I like that new fusa applet, because they implemented something I had wished for a long time – you now can tell with one applet what you current status is and it tells that different applications like pidgin and empathy. Like the clock applet that now also shows weather information this allows the user to have less applets on his panel. This is exactly the right direction.
But I am still missing this: Rather than still adding different applets I like to configure my panel. It should have some standard elements that cant be damaged. Right now it happens to me and many many users that the destroy their panel and either NEVER find back (end of GNOME usage!!) or with extreme efforts. my suggestion would be to have a new panel which has less possibilities. So it has some standard setup that cant be destroyed. Then let there be the old panel for all those who desperately need all kind of applets. I usually dont.
I need this:
- most importantly under no circumstances should I be able to destroy my panel accidently
- I like the standard elements like the three main menu entries, the clock, user switching and the message field.
- I also like to be able to add some quick application starters. But I would suggest that you do not put them directly on the panel but rather they are hidden and you get icons if you move over a special part of the panel. This might by standard be just the applications the user used last – or if people drop icons on that field primarily it might be those that were dropped. I would give this field a special look and name. It might even be extandable to also collect text clips or image clips – so generally .
- The panel should only have these menu entries: “Configure panel …”, “Help”, “Info”. Then what appears should be a panel setup tool where you could configure the panel like you have different tabs where you could enable and disable some displays – but generally discourage people dropping random applets onto this panel.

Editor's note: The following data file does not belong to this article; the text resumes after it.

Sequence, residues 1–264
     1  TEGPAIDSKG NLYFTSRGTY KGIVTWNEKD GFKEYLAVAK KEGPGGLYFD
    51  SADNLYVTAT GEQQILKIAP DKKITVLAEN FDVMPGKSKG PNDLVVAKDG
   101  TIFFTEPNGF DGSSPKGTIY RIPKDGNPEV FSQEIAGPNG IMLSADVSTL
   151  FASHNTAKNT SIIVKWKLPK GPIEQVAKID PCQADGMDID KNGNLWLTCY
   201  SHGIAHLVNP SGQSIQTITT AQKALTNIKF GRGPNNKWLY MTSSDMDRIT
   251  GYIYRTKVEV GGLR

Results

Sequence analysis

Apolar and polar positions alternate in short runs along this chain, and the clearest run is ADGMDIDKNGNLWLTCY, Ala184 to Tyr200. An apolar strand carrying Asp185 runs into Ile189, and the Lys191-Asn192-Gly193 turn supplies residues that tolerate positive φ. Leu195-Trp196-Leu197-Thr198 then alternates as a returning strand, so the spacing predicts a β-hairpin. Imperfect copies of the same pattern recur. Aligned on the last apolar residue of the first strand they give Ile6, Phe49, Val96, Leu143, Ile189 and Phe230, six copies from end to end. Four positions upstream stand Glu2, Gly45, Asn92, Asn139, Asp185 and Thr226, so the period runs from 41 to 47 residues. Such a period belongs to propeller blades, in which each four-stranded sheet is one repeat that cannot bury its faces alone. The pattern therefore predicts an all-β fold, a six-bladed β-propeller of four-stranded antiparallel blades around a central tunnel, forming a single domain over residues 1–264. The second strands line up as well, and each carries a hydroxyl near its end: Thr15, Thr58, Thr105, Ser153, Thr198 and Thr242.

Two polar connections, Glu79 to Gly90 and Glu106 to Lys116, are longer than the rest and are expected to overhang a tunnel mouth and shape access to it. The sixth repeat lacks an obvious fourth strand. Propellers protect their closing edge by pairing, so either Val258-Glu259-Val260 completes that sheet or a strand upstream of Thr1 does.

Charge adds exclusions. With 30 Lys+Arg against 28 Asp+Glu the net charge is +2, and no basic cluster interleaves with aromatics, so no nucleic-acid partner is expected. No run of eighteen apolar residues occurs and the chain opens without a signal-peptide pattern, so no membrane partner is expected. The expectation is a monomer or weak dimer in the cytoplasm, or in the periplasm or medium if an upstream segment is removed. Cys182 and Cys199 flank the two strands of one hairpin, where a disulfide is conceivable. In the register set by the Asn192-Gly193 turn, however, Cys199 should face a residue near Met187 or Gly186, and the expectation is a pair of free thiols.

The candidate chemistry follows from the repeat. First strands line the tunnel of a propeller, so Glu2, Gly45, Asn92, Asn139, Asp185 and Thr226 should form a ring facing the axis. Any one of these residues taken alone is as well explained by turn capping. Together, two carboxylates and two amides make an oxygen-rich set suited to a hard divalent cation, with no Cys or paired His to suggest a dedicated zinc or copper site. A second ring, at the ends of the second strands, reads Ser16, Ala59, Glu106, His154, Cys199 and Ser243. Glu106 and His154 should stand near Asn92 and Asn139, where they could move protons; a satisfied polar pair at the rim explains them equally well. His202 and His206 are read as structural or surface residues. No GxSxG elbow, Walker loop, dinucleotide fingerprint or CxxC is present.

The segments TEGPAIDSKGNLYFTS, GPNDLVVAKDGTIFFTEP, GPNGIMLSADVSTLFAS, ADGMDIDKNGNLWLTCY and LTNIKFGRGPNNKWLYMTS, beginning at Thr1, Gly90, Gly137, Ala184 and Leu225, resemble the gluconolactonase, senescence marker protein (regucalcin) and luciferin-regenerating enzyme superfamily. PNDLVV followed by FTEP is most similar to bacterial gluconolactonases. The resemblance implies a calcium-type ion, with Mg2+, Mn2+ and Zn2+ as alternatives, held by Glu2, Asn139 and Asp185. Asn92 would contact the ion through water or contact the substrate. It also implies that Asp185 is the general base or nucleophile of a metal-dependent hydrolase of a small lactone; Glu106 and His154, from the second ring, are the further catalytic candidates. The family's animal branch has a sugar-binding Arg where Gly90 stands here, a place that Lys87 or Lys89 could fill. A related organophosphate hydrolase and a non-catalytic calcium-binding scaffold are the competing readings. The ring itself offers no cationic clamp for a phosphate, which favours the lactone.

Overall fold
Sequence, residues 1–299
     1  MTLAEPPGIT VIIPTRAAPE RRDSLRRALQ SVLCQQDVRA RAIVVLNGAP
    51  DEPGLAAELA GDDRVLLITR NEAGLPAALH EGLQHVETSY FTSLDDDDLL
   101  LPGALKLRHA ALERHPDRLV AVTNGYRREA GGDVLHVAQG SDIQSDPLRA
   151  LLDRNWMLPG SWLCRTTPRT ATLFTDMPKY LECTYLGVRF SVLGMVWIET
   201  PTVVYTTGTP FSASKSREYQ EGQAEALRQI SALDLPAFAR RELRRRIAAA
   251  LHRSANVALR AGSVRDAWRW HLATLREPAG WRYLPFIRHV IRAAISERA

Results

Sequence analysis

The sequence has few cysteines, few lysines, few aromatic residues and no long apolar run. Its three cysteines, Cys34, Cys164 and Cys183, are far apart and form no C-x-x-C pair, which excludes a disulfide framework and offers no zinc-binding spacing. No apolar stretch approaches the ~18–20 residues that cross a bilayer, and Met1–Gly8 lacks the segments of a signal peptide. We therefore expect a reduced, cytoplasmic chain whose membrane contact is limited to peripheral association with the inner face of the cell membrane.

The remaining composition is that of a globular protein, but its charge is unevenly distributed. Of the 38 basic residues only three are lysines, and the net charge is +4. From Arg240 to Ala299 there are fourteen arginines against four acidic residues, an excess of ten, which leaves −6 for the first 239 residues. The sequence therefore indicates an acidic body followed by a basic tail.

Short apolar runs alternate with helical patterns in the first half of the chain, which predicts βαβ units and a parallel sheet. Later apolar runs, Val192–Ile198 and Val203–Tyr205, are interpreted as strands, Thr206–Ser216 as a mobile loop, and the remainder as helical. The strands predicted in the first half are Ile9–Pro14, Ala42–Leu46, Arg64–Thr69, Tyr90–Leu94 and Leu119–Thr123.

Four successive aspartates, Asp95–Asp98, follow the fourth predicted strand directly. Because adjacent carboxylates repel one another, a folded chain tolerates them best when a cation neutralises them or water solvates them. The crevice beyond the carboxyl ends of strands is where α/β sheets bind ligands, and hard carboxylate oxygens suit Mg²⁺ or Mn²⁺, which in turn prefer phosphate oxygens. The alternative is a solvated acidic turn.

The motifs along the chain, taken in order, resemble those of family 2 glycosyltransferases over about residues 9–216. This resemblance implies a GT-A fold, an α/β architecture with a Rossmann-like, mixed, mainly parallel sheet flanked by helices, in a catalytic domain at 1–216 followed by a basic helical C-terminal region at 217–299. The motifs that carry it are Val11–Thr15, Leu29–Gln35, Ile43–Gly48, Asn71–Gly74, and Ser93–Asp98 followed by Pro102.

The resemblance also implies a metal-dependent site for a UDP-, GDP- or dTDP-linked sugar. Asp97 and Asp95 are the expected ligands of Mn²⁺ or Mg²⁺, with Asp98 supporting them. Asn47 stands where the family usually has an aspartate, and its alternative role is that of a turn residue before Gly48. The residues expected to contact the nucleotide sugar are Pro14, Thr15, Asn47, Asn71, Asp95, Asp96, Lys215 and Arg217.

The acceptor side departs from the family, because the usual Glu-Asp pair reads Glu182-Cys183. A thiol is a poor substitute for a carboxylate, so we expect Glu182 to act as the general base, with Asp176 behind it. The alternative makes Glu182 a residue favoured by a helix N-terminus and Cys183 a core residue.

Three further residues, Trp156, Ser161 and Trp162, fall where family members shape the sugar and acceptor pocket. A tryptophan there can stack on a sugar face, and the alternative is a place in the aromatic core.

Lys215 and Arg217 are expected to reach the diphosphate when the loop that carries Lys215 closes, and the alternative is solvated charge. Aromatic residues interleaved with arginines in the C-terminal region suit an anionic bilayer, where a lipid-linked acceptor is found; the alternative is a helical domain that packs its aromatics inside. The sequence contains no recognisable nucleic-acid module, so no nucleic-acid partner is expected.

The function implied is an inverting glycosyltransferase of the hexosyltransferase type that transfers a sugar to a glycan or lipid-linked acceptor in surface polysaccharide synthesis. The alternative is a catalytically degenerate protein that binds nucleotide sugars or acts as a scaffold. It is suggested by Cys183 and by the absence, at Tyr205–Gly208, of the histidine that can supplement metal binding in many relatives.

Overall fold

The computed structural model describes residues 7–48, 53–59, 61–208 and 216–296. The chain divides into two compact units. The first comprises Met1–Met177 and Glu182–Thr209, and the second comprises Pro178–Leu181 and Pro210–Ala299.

Why all that? Because panel space is very limitted and with more and more functionalities the panels are getting overcrowded and unusable. Messaging should also be better organized – like you have some inboxes from different senders and those can be either applications or people from an instant messenger. So what is bad is that you have Skype, Empathy, Ekiga, Pidgin,… that all have a status icon in the message area. And also it is bad to have every user organized differently in every application. I am not a coder but wont it be much better if applications also like system updaters send messages via jabber to a user? And that the desktop will have a minimal jabber server running – and then the user could also set forwards of messages. So if I get a phone call on Ekiga on my notebook I should be able to answer it on another desktop with another SIP application maybe. I think identification of ressources and messaging between appliations and users will become extremely important. Especially because the user has a limitted possibility to understand the messages. It should be the task of the desktop to organize information well and not to flood the user with messages and informations.
So on the one hand under the hood the messaging needs to be intelligent and then I like to see the third generation panel. The panel really is one of the elements in GNOME that has not changed a lot – meaning you still can destroy it easily and only things that have changed are applets that added additional informations. But I think the applet idea was not good. Because you can add endless applets. I have also seen on the MacosX that people put their “panels” or how they call it to the left or right and put something like 30 icons with small sizes on it. That shows that this drag&drop editing approach has a natural end. Nobody can really say that this is easy to handle. Like you then have all those icons but on a fresh installation, even if you would have all the software installed a user would need maybe days to regenerate his panel setup.
I think the panel needs some major overhaul similar to the one that Epiphany got after Galeon some years ago. That means remove all the clutter and give the user less options – but make everything more easy and structured an dependable.